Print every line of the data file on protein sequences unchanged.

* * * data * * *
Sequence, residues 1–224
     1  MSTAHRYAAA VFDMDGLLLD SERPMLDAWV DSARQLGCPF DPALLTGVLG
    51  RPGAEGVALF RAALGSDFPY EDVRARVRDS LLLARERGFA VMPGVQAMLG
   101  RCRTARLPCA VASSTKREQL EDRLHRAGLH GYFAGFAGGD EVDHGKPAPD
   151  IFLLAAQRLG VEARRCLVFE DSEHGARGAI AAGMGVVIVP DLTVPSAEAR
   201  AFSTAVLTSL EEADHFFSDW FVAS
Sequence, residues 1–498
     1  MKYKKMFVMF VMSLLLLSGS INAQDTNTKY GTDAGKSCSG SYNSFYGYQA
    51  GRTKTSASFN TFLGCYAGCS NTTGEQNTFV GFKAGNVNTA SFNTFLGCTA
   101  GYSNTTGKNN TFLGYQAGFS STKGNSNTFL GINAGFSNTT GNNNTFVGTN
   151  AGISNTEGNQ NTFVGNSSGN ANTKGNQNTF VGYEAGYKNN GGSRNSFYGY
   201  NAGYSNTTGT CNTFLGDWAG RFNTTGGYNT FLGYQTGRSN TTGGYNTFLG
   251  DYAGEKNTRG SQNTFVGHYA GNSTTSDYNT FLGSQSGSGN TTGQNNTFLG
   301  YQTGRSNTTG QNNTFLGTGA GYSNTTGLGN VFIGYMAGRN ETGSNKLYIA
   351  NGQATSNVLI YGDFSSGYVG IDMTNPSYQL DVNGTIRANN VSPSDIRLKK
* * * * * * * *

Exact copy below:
Sequence, residues 1–224
     1  MSTAHRYAAA VFDMDGLLLD SERPMLDAWV DSARQLGCPF DPALLTGVLG
    51  RPGAEGVALF RAALGSDFPY EDVRARVRDS LLLARERGFA VMPGVQAMLG
   101  RCRTARLPCA VASSTKREQL EDRLHRAGLH GYFAGFAGGD EVDHGKPAPD
   151  IFLLAAQRLG VEARRCLVFE DSEHGARGAI AAGMGVVIVP DLTVPSAEAR
   201  AFSTAVLTSL EEADHFFSDW FVAS
Sequence, residues 1–498
     1  MKYKKMFVMF VMSLLLLSGS INAQDTNTKY GTDAGKSCSG SYNSFYGYQA
    51  GRTKTSASFN TFLGCYAGCS NTTGEQNTFV GFKAGNVNTA SFNTFLGCTA
   101  GYSNTTGKNN TFLGYQAGFS STKGNSNTFL GINAGFSNTT GNNNTFVGTN
   151  AGISNTEGNQ NTFVGNSSGN ANTKGNQNTF VGYEAGYKNN GGSRNSFYGY
   201  NAGYSNTTGT CNTFLGDWAG RFNTTGGYNT FLGYQTGRSN TTGGYNTFLG
   251  DYAGEKNTRG SQNTFVGHYA GNSTTSDYNT FLGSQSGSGN TTGQNNTFLG
   301  YQTGRSNTTG QNNTFLGTGA GYSNTTGLGN VFIGYMAGRN ETGSNKLYIA
   351  NGQATSNVLI YGDFSSGYVG IDMTNPSYQL DVNGTIRANN VSPSDIRLKK